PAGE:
The main rule is that employees dispose of their leisure time as they wish and that secondary employment is permitted. However, pursuant to legislation and collective agreements, some types of secondary employment are prohibited on the grounds that they damage credibility, interfere with work duties or represent competition.
Secondary employment which damages credibility is prohibited by law. Prohibition of other types of secondary employment is regulated in collective agreements.
Definition of secondary employment
In principle, secondary employment is any occupation in which you engage temporarily or permanently alongside your employment and which does not concern your private life. Activities typically included in the private sphere, such as hobbies or taking care of your personal or family properties and private matters, do not count as secondary employment.
There is no requirement for the activity to have a particular scope in order to count as secondary employment; likewise, whether or not it is financially remunerated is of no significance. Extra work for Lund University or another public authority may also constitute secondary employment.
Why rules on secondary employment are needed
The main reason for regulating the right of public sector employees to secondary employment alongside their jobs is the general public’s interest in impartiality and objectivity in the exercise of public authority, to ensure that trust in the public authority and its employees is maintained.
The rules on conflict of interest also aim to guarantee objectivity and impartiality within public authorities.
The state and ultimately the general public have an interest in ensuring that public authority employees do not engage in secondary employment which negatively influences their regular work or the activities of the public authority.
Your responsibility as an employee
As an employee, you are responsible for ensuring that the secondary employment is permitted. Permitted secondary employment and work at the University are always to be clearly separated and all secondary employment is to be entirely conducted outside the framework of employment at the University. All employees have a duty to report secondary employment if requested to do so.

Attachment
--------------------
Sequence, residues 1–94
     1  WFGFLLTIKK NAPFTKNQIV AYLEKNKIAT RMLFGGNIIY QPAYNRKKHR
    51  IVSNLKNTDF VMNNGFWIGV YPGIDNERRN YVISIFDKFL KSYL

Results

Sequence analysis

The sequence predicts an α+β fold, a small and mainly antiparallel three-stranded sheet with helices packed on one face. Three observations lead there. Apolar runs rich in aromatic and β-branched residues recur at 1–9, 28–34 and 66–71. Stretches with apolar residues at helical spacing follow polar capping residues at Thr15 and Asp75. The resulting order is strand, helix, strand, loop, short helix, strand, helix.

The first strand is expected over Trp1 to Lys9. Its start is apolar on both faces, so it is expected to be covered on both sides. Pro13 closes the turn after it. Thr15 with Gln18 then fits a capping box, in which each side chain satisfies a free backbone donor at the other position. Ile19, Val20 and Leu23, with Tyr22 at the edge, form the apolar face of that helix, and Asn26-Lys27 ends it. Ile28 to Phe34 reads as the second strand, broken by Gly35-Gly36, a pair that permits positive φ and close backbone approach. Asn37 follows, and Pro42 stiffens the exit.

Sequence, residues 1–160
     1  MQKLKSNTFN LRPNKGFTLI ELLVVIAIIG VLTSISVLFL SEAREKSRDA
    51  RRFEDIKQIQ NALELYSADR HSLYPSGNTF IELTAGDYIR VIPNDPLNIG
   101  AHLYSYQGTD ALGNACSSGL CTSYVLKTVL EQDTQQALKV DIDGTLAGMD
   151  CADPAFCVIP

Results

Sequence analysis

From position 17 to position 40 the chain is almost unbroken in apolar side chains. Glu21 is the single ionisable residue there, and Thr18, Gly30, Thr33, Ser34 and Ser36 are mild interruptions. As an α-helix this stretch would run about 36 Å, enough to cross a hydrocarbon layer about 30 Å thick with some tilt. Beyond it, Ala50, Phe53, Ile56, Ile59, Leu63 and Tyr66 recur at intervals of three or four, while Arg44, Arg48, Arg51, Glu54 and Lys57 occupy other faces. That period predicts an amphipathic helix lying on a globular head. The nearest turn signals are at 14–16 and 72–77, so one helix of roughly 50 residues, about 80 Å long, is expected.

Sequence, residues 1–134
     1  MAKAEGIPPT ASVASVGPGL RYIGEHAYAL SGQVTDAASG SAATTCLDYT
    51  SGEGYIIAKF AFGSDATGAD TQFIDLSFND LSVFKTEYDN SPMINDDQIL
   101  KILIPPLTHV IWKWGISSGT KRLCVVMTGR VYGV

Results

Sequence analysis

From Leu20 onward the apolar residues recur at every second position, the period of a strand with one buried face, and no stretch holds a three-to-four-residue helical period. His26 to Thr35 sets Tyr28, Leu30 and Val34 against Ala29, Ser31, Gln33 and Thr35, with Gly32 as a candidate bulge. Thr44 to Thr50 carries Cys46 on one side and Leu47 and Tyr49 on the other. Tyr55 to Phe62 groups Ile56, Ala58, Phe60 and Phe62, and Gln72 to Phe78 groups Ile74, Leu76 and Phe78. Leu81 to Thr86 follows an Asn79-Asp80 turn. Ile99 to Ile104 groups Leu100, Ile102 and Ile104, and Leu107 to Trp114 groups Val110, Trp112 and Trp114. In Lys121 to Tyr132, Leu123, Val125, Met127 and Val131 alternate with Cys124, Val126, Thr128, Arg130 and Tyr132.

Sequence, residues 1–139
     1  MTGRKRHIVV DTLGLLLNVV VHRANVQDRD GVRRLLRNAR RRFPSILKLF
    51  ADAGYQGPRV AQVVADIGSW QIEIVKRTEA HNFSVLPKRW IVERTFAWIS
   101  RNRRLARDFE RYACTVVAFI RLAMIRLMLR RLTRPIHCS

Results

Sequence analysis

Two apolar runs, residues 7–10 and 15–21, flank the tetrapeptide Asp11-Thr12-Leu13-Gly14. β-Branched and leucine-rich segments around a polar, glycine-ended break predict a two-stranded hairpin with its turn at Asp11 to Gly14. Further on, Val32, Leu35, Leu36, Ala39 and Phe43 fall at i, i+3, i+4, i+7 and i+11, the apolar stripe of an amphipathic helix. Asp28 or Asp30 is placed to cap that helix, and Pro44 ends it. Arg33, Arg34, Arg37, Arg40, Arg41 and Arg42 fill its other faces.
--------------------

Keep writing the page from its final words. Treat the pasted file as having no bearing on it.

Secondary employment for teaching staff
Teaching staff at higher education institutions have a more extensive right to engage in secondary employment regarding research and development (R&D) within the subject area of their main employment. This is to facilitate cooperation between the University and wider society. This rule applies only to R&D work and not to teaching assignments or other commitments outside your university employment.
This right entails a greater obligation for teaching staff to report secondary employment. The following categories are considered teaching staff, as defined in the Lund University Appointment Rules:
- professors and visiting professors,
- adjunct professors,
- senior professors,
- senior lecturers,
- adjunct senior lecturers,
- associate senior lecturers,
- research fellows,
- lecturers and
- adjunct lecturers.
If you are employed as a researcher or a doctoral student, you are not covered by the rules concerning secondary employment for teaching staff.
Please note that even R&D occupations are not permitted if they damage credibility, interfere with work duties or represent competition.
Reporting secondary employment
All teaching staff are to submit a report annually on secondary employment, including staff who have no such employment.
When you report secondary employment, you are to do so in such a way as to allow your manager to determine whether or not it is permitted.
Previously approved reports on secondary employment are to be updated if the scope or nature of the occupation changes.
A small number of managers are covered by the local agreement on managers. If you are one of them, you have a greater obligation to report secondary employment and must submit a report whether or not you are engaged in any secondary employment.
Other employees only need to report secondary employment if requested to do so by their manager. In such cases, there must be a reason for the request, either with reference to the way in which you carry out your regular work duties or if the requirement for objectivity and impartiality is particularly important in the exercise of your work duties. This can be the case if you work with procurement, for example, in close collaboration with other agents.
If an employee is observed to be engaged in prohibited secondary employment, the matter should primarily be solved through advice and consultation with his or her line manager. The University can take a special decision ordering an employee to cease the secondary employment or prohibiting him or her from taking it on.
In case of serious offence, or if an employee continues to engage in secondary employment despite a request or decision ordering him or her to desist, he or she may incur disciplinary liability for misconduct or the university employment may be terminated.
Please contact your line manager or the human resources officer within your department/faculty or equivalent.